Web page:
Strictly Come Dancing – The Halloween Special

[It’s from last year but what the hell!]

So it is another week when the REF has kept me from more worthwhile pursuits like discussing Tales from the Crypt, or Dead of Night, or the final episode of Dexter, which kept me up half the night – not from fear but from a really heartfelt sense of melancholy. Of course, I won’t say why, and not just because of SPOILERS – when I get the chance, I want to take some time with this series, which has given me so much pleasure over its various seasons. I don’t know about you but, when its on form, I find it really moving…

Okay, moving swiftly on, before someone calls the psych-ward, I thought I would give a moments thought to the fact that it was Halloween this week, and rather than finding myself with Jamie Lee Curtis in the house, a serial killer on the loose outside and a double bill of Forbidden Planet and The Thing from Another World on the TV, there seemed to be very little Halloween related on the box – except for a Strictly Come Dancing Halloween Special.

For those of you who are not privy to the wonders of British Saturday Night Television, Strictly Come Dancing is the show that is called Dancing With the Stars in the US – although the BBC version is the original, which also discovered Len Goodman and Bruno Tonioli, who are judges on the British version, too.

The Special basically involved the same format as usual, but with Halloween-themed costumes, routines and songs, and judges’ paddles that were shaped like ghosts. Not particularly scary, but with a lot to tell us about horror television.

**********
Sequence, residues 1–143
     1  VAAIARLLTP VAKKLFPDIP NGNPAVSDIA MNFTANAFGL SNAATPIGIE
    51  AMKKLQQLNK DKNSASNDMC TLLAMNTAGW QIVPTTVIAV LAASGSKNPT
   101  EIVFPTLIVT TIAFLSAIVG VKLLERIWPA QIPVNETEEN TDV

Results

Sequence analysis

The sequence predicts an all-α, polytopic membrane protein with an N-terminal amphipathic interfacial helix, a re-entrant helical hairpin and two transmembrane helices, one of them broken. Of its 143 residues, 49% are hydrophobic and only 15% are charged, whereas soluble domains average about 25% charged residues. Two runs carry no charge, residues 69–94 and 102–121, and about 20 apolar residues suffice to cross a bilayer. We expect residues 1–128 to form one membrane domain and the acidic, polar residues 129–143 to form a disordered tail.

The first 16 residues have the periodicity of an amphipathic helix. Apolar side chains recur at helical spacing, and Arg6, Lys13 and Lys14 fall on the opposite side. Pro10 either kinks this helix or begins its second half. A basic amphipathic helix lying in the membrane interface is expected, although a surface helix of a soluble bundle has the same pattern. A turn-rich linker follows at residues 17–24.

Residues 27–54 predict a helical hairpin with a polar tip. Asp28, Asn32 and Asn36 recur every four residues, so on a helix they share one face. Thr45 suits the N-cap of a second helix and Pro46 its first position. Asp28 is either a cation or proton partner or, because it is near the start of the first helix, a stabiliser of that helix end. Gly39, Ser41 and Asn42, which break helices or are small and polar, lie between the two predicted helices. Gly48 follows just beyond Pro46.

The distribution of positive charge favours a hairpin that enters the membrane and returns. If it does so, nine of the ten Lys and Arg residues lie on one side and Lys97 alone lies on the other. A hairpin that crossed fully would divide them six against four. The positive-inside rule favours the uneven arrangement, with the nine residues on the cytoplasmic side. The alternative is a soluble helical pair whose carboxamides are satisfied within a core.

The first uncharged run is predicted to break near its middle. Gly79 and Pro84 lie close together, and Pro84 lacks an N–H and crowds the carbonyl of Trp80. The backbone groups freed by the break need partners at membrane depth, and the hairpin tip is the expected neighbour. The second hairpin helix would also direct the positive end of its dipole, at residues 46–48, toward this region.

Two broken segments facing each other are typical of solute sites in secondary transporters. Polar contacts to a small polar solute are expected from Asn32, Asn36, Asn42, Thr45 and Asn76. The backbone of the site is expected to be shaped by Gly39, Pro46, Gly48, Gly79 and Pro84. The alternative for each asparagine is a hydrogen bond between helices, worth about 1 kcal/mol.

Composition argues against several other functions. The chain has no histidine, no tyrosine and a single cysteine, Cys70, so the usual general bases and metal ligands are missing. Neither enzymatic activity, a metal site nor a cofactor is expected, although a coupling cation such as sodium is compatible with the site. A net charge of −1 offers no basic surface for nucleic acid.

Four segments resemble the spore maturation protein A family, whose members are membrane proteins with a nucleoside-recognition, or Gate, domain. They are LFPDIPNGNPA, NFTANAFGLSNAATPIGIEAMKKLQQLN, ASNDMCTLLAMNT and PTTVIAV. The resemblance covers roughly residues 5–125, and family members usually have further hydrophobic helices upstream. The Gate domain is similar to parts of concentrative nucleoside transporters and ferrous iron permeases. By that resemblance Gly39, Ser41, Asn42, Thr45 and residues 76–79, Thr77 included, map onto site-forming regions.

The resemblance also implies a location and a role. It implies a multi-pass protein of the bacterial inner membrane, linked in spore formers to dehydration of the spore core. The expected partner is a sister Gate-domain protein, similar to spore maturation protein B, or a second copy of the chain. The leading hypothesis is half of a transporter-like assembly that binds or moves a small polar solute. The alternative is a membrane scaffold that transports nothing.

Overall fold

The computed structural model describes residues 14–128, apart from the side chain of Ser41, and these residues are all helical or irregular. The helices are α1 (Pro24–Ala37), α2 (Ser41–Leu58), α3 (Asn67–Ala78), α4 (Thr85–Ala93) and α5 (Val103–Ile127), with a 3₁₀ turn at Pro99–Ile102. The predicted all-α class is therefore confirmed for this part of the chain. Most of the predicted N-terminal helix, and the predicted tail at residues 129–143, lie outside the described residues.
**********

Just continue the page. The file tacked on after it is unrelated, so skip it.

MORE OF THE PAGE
First, one gets an interesting glance into what is imagined to be the popular perception of the key horror monsters and sub-genres, although, second, we also got a very selective tradition that seemed to largely consist of a version of the Gothic that had been filtered through Tim Burton – even when we get a reference to science-fiction-horror, it was less The Thing from Another World or Creature from the Black Lagoon than a case of Mars Attacks!

Then, there is the question of what happens to horror when it becomes something that can be used to ‘theme’ regular programming, like a Christmas Special. Which of course makes me immediately wish that we had a Johnny Cash Horror or Halloween Special, along the lines of the great man’s Christmas Specials from the 1970s. I can see him singing ‘The Man Comes Around’ on it as clear as day – or night!

And of course that raises the question of horror tastes. Loads of people who claim not to like horror wouldn’t have a problem with this kind of show, while lots of horror fans would hate it. I might like both but largely as an exercise in schizophrenia (in the horror sense of the term – split personality – rather than the clinical sense).

But separating this kind of horror material out from ‘real’ horror seems to simple to me. What it shows us is the complex ways in which horror is part of a common cultural language, on television and in other media, which may produce a variety of different kinds of identification. People may claim to hate horror in one context and yet have no objection to the genre in other contexts or at particular times of year.

Hell, Christmas television is full of material that would be dismissed as wildly inappropriate at other times of the year, but which is given a certain license at yuletide – remember the episode of Beverley Hills 90210 where Steve ran into Santa Claus?!?!

Anyhow, I am now taking votes on the scariest thing in the Strictly Come Dancing Halloween Special – there is a lot to choose from!